"A slice-of-life picture book that acknowledges the intense emotions of a toddler. On the way home from the park, Sophie spots another child eating a chocolate-covered cookie. 'I want a cookie,' she says pointing a stubby finger, 'I want that cookie.' Despite her mother's calm and logical response, Sophie becomes more and more upset, finally launching into a tantrum that involves kicking, screaming, tears, and a face as 'hot as a pepper.' . . . The straightfoward and simply worded text uses repetition to ecpress the child's fury, frustration, and helplessness. . . . Both words and pictures capture the sudden and surprising intensity of the tantrum, and the reassuring comfort of recovery. This title can be useful as bibliotherapy for children still too young for Aliki's Feelings." School Library Journal

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Product Details

ISBN-13:
9780547531441
Publisher:
Houghton Mifflin Harcourt
Publication date:
03/22/1999
Sold by:
Houghton Mifflin Harcourt
Format:
NOOK Book
Pages:
32
Lexile:
450L (what's this?)
File size:
24 MB
Note:
This product may take a few minutes to download.
Age Range:
5 - 8 Years

What People are saying about this

From the Publisher
"Toddlers who need some behavioral reflection (and parents who need a role model in fortitude) should put this toward the top of their reading list." The Bulletin of the Center for Children's Books

"A slice-of-life picture book that acknowledges the intense emotions of a toddler. On the way home from the park, Sophie spots another child eating a chocolate-covered cookie. 'I want a cookie,' she says pointing a stubby finger, 'I want that cookie.' Despite her mother's calm and logical response, Sophie becomes more and more upset, finally launching into a tantrum that involves kicking, screaming, tears, and a face as 'hot as a pepper.' . . . The straightfoward and simply worded text uses repetition to ecpress the child's fury, frustration, and helplessness. . . . Both words and pictures capture the sudden and surprising intensity of the tantrum, and the reassuring comfort of recovery. This title can be useful as bibliotherapy for children still too young for Aliki's Feelings." School Library Journal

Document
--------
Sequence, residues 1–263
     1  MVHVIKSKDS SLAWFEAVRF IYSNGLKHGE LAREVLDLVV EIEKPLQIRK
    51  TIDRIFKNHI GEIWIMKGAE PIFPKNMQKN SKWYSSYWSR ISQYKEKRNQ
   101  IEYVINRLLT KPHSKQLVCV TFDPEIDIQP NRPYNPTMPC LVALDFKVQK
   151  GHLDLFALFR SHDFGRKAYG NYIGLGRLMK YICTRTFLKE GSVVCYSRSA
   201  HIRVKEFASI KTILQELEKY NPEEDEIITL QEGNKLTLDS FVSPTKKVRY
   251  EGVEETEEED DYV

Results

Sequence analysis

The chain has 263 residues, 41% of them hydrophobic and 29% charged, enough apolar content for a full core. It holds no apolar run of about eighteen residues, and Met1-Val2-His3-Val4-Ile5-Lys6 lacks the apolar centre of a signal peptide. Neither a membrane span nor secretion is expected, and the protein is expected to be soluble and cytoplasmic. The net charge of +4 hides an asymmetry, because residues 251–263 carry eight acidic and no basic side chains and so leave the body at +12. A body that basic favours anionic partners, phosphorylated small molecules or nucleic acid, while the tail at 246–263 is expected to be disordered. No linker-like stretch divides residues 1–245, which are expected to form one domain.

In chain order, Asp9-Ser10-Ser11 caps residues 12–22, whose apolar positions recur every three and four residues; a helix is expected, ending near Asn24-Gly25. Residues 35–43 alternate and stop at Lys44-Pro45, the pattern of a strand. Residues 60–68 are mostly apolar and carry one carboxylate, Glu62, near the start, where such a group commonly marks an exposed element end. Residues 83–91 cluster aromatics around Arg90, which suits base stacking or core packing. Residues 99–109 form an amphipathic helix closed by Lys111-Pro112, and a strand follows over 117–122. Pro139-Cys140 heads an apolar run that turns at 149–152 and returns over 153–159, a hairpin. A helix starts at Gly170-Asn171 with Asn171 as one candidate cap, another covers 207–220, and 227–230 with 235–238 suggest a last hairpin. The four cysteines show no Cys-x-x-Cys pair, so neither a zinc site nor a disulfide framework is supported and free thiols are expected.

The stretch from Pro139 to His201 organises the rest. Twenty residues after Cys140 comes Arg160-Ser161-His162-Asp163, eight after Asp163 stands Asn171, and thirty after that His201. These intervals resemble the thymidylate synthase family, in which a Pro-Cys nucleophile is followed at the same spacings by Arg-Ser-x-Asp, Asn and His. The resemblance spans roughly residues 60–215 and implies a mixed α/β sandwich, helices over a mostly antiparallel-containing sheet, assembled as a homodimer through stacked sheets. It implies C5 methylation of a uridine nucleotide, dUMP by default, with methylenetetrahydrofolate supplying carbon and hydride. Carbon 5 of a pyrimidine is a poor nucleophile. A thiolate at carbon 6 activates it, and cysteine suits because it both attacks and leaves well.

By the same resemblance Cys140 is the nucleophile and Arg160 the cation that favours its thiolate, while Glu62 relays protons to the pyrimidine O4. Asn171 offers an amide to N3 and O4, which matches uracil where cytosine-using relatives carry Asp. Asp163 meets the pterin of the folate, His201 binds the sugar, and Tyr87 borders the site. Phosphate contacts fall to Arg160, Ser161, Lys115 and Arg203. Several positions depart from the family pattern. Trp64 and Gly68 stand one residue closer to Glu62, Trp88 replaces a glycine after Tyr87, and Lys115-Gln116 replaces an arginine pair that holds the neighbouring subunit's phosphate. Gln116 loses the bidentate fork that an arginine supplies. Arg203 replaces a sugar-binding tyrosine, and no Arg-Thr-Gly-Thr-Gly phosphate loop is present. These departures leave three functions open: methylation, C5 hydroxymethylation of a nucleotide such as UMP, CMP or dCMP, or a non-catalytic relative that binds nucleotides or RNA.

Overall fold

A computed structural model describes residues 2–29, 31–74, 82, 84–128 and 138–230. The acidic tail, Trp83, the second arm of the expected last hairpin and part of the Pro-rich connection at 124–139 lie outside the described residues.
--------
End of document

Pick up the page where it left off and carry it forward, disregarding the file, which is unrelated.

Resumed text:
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Meet the Author

Deborah Blumenthal is a health-and-fitness writer living in Houston, Texas. This is her third book for Clarion.

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Chocolate-Covered-Cookie Tantrum 4.1 out of 5 based on 0 ratings. 9 reviews.
Guest More than 1 year ago
This is a cute book, but a little less than what I expected. The little girl got her cookie, but not until later when her mother decided it was the right time. She was also offered a more nutritious snack during her tantrum, plus her mother didn't lose her cool, so the message isn't that bad, but I hoped Sophie would apologize to her mother for causing such a fuss at the park.
Guest More than 1 year ago
I bought this book to teach my child that throwing a tantrum will NOT get her what she wants, but according to the mother in this book it does. The mother in this book kept offering the child different things to get her child to stop throwing the tantrum, like the banana. When they do get home, the child who was yelling, screaming, and kicking all the way home gets the cookie. How does that teach the child that tantrums are bad? I would NOT recomend that anyone buy this book.
Anonymous More than 1 year ago
L
Anonymous More than 1 year ago
I'll see you in ten days, Gutho. Bye.
Anonymous More than 1 year ago
*he sighs* so i must say, i'm sorry. I hope you have a great life. Better than mine. When you come back-if you come back, don't think twice about me. Go out with xvier if you can. He can treat you better. Or don't go out with anyone. *shrugs* your choice. So. This is probably my last post here....i hoped it matters...
Anonymous More than 1 year ago
Anonymous More than 1 year ago
Anonymous More than 1 year ago
Guest More than 1 year ago
Reading this book reminded me of my daughter. Everything that the little girl Sophie does and says in the book is just like Becky. Now when we read it, we replace the name in the book 'Sophie' with Becky. Now Becky picks up the book herself (she is only 2) and turns the pages while she says 'NOOOO' 'I WANT THE COOKIE'. 'NOOOOOOO BANANA'. She loves to read it over and over and over and over. We first got the book from the Library, now we have our own copy.